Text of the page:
the fkin, from a redundance of humors. PHLYZATION", a puftule or inflammation on thefkin, or the blifters arifing on it after being burnt or fcalded with a hot li- quor. PHOCA, the fen-calf, in the Linnrean fyftem of zoology, a di- ftinct genus of animals, the characters of which are, that they have two paps placed near the navel, feet adapted to fwimming, and have no ears.
There are two kinds of this animal : the common one, called the fea-ca I 'f, which has its canine, or dog-teeth, enclofed like the others in its mouth ; and the other, which fome improper- ly call the hippopotamus, or fea borfe, which has thefe teeth ex- ferted or thruft out. Linnaii Syftem. Natur. p. 36. ' We have a draught of this animal in the philofopbical tranf- actions, numb 4fjq, by Dr. Parfons, who obferves, that Al- drqvandus, Johnfton, Rondeletius, and Gefner, have made feveral miftakes in the figure of this creature, fo as to convey no juft idea of it.
Upon diffectihg one of thefe animals, the ftomach, inteftines, bladder, kidneys, ureter, diaphragm, lungs, great blood-veffels, and pudenda, were like thofe of a cow ; the hairs of the whif- kers were very hornv and clear; the fpieen was two foot long, fotir inches broad, and very thin ; the liver confifted of fix lobes, each hanging as long and as lank as the fpieen, with a very fmall gall-bladder. The beaft was long and flabby in its ■contexture in general, having a large foramen ovale, and very great columnar carnofas. In the lower ftomach were about four pounds weight of flinty pebbles, all iharp and angular, as if the animal chefe them of that form for cutting the food. TIil ut-rus was of the horned kind, each of the cornua being
thicker than the body nr du& leading to them The ovaria were very large, being granulated on the furface with the ova, under a very thin membrane ;■ and the opening into the tubes leading to the cornua is a great hole.
The authors who have treated on this animal, are Ariftotle, Pliny, Aidrovandus, Rondeletius, Gefner, Wolfgangius, and Johnfton Phil. Tranf N c '. 40a.
This animal is viviparous, and fuckles its young by the ma- millx, like quadrupeds ; and its fiefh is carn< us and mufcutar. That diflecTx-d by 1 Jr. Parfons was feven foot and an half long, tho' very young, having fcarce any teeth, and having four holes regularly placed about the na^el, which in time become papillre.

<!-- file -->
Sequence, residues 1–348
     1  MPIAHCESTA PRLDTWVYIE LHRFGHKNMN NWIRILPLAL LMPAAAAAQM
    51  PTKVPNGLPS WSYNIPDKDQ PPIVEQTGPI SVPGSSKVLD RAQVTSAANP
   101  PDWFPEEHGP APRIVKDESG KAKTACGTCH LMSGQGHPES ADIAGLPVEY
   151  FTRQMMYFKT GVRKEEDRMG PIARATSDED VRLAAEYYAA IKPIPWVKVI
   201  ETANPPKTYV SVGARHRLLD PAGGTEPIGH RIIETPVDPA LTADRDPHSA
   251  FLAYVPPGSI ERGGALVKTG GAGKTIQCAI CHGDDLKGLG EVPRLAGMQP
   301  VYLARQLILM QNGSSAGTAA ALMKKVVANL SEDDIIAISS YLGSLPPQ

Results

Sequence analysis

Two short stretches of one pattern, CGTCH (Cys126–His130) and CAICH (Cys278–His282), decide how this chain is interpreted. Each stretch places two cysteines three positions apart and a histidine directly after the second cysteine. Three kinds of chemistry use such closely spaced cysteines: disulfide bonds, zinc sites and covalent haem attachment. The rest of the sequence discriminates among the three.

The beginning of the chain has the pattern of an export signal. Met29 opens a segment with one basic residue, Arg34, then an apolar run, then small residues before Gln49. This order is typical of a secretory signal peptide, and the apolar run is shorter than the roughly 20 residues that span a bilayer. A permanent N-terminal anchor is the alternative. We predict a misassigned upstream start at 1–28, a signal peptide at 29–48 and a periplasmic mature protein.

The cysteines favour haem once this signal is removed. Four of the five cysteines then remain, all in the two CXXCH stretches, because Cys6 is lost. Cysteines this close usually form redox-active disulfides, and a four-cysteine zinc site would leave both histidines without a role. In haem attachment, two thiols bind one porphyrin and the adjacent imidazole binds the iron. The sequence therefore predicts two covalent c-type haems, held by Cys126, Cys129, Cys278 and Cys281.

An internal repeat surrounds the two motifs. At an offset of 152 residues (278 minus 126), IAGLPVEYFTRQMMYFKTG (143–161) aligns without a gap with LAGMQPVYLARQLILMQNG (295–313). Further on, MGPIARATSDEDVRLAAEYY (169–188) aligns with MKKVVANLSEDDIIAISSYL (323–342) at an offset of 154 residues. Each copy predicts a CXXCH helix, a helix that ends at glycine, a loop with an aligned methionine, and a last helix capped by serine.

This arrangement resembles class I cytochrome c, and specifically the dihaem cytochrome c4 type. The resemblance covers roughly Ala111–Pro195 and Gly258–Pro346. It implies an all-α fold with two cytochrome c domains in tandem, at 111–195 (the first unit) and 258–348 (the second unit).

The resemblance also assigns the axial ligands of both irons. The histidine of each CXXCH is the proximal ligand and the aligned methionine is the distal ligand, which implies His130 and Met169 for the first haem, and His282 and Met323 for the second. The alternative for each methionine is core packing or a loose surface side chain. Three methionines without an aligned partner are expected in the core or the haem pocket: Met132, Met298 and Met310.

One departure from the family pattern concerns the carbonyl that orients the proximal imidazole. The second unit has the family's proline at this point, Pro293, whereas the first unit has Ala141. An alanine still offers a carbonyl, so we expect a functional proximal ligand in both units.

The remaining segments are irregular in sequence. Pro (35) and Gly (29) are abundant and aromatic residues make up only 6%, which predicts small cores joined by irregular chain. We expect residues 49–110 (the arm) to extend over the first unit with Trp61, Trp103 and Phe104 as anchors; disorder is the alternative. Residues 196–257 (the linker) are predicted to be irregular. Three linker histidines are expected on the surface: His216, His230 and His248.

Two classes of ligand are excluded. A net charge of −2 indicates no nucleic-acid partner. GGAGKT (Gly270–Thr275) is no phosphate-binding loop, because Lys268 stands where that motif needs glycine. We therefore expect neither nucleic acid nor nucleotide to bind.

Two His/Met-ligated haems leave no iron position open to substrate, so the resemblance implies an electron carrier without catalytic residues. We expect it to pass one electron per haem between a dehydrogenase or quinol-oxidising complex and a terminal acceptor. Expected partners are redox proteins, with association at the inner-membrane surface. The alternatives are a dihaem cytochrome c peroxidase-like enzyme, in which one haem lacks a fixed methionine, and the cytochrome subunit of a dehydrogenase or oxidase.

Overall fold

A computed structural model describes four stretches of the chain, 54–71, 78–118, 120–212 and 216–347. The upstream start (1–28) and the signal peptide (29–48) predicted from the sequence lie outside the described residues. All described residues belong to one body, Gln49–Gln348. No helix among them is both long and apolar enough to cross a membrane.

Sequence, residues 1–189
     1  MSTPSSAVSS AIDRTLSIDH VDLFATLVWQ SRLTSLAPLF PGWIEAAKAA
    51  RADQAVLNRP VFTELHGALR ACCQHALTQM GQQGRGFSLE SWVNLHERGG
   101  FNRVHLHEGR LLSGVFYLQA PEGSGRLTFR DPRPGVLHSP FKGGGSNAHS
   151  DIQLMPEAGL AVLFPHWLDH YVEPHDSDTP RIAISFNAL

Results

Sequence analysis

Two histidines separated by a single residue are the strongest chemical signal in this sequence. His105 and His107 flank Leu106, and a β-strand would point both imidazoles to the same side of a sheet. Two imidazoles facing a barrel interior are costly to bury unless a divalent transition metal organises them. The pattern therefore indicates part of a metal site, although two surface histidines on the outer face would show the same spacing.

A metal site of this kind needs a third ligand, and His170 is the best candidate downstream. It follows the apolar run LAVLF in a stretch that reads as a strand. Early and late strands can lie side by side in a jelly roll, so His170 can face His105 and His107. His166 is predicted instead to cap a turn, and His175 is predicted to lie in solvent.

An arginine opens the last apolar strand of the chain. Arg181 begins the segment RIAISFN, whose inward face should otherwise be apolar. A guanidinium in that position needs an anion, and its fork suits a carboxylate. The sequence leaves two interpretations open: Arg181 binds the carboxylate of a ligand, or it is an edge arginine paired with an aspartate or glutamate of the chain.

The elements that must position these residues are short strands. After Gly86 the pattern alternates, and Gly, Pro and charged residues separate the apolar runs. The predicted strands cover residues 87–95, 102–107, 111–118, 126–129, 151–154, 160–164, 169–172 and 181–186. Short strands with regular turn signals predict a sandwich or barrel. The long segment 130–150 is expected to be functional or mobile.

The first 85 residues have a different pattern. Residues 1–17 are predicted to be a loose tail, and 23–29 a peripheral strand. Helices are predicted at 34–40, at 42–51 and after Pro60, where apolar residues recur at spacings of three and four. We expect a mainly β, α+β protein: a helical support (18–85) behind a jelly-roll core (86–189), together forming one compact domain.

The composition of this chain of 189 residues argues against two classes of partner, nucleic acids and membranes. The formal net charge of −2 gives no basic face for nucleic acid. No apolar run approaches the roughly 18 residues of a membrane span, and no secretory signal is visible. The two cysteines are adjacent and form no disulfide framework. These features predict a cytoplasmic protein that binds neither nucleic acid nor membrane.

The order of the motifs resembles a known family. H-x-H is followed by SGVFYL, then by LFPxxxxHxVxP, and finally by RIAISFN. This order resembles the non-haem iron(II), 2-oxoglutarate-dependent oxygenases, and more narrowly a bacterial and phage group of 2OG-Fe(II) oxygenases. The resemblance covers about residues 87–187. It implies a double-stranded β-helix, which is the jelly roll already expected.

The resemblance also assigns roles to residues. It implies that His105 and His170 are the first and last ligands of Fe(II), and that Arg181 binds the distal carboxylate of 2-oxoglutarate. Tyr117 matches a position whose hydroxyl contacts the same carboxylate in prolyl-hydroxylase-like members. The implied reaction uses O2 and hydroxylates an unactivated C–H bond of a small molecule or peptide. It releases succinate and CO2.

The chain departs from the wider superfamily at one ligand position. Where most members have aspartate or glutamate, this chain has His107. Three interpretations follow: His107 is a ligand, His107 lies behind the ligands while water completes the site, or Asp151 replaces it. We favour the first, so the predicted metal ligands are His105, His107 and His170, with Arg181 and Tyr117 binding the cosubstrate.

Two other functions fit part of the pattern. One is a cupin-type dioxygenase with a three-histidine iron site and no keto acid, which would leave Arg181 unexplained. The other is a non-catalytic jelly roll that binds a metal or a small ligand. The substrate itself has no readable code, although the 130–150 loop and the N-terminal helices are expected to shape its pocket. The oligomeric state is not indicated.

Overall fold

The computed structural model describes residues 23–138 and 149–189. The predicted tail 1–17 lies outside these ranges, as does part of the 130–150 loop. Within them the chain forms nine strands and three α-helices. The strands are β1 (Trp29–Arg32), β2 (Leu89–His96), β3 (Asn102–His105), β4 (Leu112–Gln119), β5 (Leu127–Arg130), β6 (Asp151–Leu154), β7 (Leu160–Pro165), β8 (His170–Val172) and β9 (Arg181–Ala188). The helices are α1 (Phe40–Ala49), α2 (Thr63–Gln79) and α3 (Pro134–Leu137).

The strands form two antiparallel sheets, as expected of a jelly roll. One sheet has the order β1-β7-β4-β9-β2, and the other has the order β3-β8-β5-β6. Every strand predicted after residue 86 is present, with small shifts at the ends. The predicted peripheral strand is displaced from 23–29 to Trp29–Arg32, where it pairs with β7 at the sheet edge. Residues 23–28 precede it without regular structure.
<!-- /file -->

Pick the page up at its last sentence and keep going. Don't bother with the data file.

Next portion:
PiIOCiENA, in zoology, the name ufed by authors for the porpejfe, difiinctively from the dolphin, a fifh very like it, and by many confounded with it. See Delphinus. The pboccer. a is ' of a roundHh, not flat body, crowing gra- dually fmaller toward the tail ; and iuft at the root of the tail is a little flatted its nofe is long and pointed, and furnifhed with ftrong mufcles; by means of which it is able to turn up the mud and fand, to feek after fmall animals. Its flan is fmooth, and but thin: its back is of a dufky bluifh hue, al- moft black in fome of the fifh; and from the middle of the fides downwards, it is whitifn : it has no gills, nor any aper- tures in the place of them ; but in the middle of* the upper part of its head, it has a fpiracle, in form of a half moon, di- vided by a fubftance refembling a. coxcomb, into two noftrils, . which, as they run inward, join and make one canal, which opens within the mouth a little below the cefophagus. f his canal is provided with mufcles, to keep it fliut againft the ad- mifTion or emiffion of any fluid, but at the creature's plea- fure; and by means of this he difcharges the water taken in with his food. Its eyes are fmall : its auditory paffages ex- tremely minute : its teeth alfo fmall : it h's two fins on the breaft, and one on the back : and its tail is flightly forked, and placed horizontally, not vertically, as in other fifties: its lungs are like thofe of quadrupeds: it is common in many- places, and fometimes is ftranded on the EngHfh coaft : its flefh is not at all valued. Ray's Ichthyol. p. 31.